Samuel Augustus Aykroyd, a teacher-turned-dentist who kept a farmhouse near Sydenham, Ontario, liked to host séances. He liked them so much, in fact, that he invited a medium named Walter Ashurst to be his houseguest in 1921. Ashurst didn't leave for 12 years.
Joined by a close-knit group of friends who shared an interest in the paranormal, the Aykroyds held regular attempts to communicate with the dead—an assembly of enjoined hands around a table in the parlor room where Ashurst would appear to pass along messages from beyond. Aykroyd’s 7-year-old grandson, Peter, would watch from a doorway or a staircase as Ashurst's voice took on different inflections, his tongue overtaken by otherworldly entities.
Peter would grow to have children of his own, Peter Jr. and Dan, with tales of Samuel Aykroyd’s academic experiments into the paranormal being passed around the dining room table. Copies of the American Society for Psychical Research journals found their way into Dan’s hands as a teenager. He would later have the idea to write a movie about paranormal investigators who treat the existence of ghosts as a scientific dilemma.
Samuel Aykroyd was born in Ontario in 1855, the oldest of 14 children. It took him until his early thirties to realize his first line of work—teaching—wasn’t for him. He entered dental school and opened a practice in 1894, doing his best to accommodate anxious patients in a time when topical anesthetic consisted mainly of taking a stiff drink.
Though he wasn’t a practitioner, Samuel had come across mention of dentists who had tried using hypnosis to soothe anxiety and promote a relaxed state for treatment. His grandson, Peter Aykroyd—who researched Samuel’s life for a 2009 book, A History of Ghosts: The True Story of Séances, Mediums, Ghosts, and Ghostbusters, believes Samuel soon began to take an interest in the idea that some individuals can be induced into a trance that allows them to act as a conduit between the living and the dead.
He wasn't without company. Samuel met Ashurst, a machine operator, in 1917; the two shared a fascination for spirit communications, and Ashurst told Samuel he believed he could act as a proper medium for the séances Samuel intended to conduct on his farm property in Ontario. By 1921, Ashurst was a medium-in-residence, and Samuel was hosting near-weekly gatherings in an attempt to tune into what he perceived to be the intangible frequency of the afterlife.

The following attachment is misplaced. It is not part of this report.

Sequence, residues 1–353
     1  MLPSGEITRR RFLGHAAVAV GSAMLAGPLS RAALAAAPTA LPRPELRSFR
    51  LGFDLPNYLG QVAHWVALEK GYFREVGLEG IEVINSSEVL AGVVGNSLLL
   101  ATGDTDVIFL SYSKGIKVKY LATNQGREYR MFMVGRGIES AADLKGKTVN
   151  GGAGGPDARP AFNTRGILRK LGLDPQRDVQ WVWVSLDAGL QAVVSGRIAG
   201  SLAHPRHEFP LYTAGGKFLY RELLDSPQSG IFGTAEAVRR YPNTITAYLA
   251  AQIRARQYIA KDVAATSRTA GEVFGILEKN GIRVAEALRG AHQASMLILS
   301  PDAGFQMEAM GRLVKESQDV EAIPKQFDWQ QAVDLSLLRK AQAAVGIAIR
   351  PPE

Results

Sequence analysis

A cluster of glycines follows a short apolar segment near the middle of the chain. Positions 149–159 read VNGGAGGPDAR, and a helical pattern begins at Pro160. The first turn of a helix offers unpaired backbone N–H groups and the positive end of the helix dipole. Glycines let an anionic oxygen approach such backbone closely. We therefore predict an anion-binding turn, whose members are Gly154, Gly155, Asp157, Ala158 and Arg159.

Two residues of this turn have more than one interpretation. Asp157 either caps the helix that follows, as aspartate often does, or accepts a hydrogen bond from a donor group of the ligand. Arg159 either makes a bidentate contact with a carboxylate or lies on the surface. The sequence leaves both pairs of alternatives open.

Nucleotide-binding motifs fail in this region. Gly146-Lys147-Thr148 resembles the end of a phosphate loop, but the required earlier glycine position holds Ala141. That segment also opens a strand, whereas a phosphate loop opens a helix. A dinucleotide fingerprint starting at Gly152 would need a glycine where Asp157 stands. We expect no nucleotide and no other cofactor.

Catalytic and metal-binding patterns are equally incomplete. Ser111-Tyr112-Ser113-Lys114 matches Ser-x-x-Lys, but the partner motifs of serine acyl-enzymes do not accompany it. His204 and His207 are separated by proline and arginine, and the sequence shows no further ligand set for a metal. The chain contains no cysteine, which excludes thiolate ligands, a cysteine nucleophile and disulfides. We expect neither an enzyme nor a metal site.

According to the journals left by Samuel that detailed his exploration of spiritualism from 1905 to 1933, Ashurst was able to draw the attention of a former member of the Ming Dynasty, a prince of ancient Egypt, and even Samuel’s great-grandfather. In one séance conducted in the home of Samuel’s son, Maurice Aykroyd, a trumpet-like instrument used to correspond with the dead was said to have floated above the heads of the attendees.
Samuel kept notes, and in them he indicated a degree of dissatisfaction with the activities. What he really wanted to do was provoke a materialization, or physical embodiment of a spirit. The séances were held on a schedule and with the same friends in an attempt to make the ethereal more comfortable with showing themselves. Through Ashurst, the spirits would promise they were working on it and ask for patience.
One of Samuel’s bigger preoccupations was with ectoplasm, a seeming manifestation of a ghostly apparition that had been mentioned in spiritual writing but was impossible to document: the gooey material took form only fleetingly, was visible mostly in the dark, and had no physical properties. Again, the spirits suggested the residue of their presence would arrive in short order.
Perhaps the spirits didn’t keep time on a mortal’s schedule. Samuel Aykroyd passed away in 1933, with his séance group slowly dissolving over the next decade. Samuel’s son, Maurice, a Bell Telephone engineer, was convinced spirits might be reachable through a radio frequency device and tried to fabricate one. He was unsuccessful.
These stories and others like them made their way down the Aykroyd family tree, with Maurice’s son, Peter, inheriting his grandfather’s journals and a considerable library of spiritual literature. Peter’s son, Dan, was intrigued by his great-grandfather’s pragmatic approach to such phenomena; deep trances and ectoplasm both make appearances in Ghostbusters, the film he conceived of, then co-wrote with Harold Ramis.
Upon being shown the script, Peter was enthusiastic about the prospect of seeing his family’s roots in paranormal research being honored. Reflecting on the recurring themes in his family tree in 2014, Dan summarized his inherited passion for the paranormal: “It’s the family business, for God’s sake.”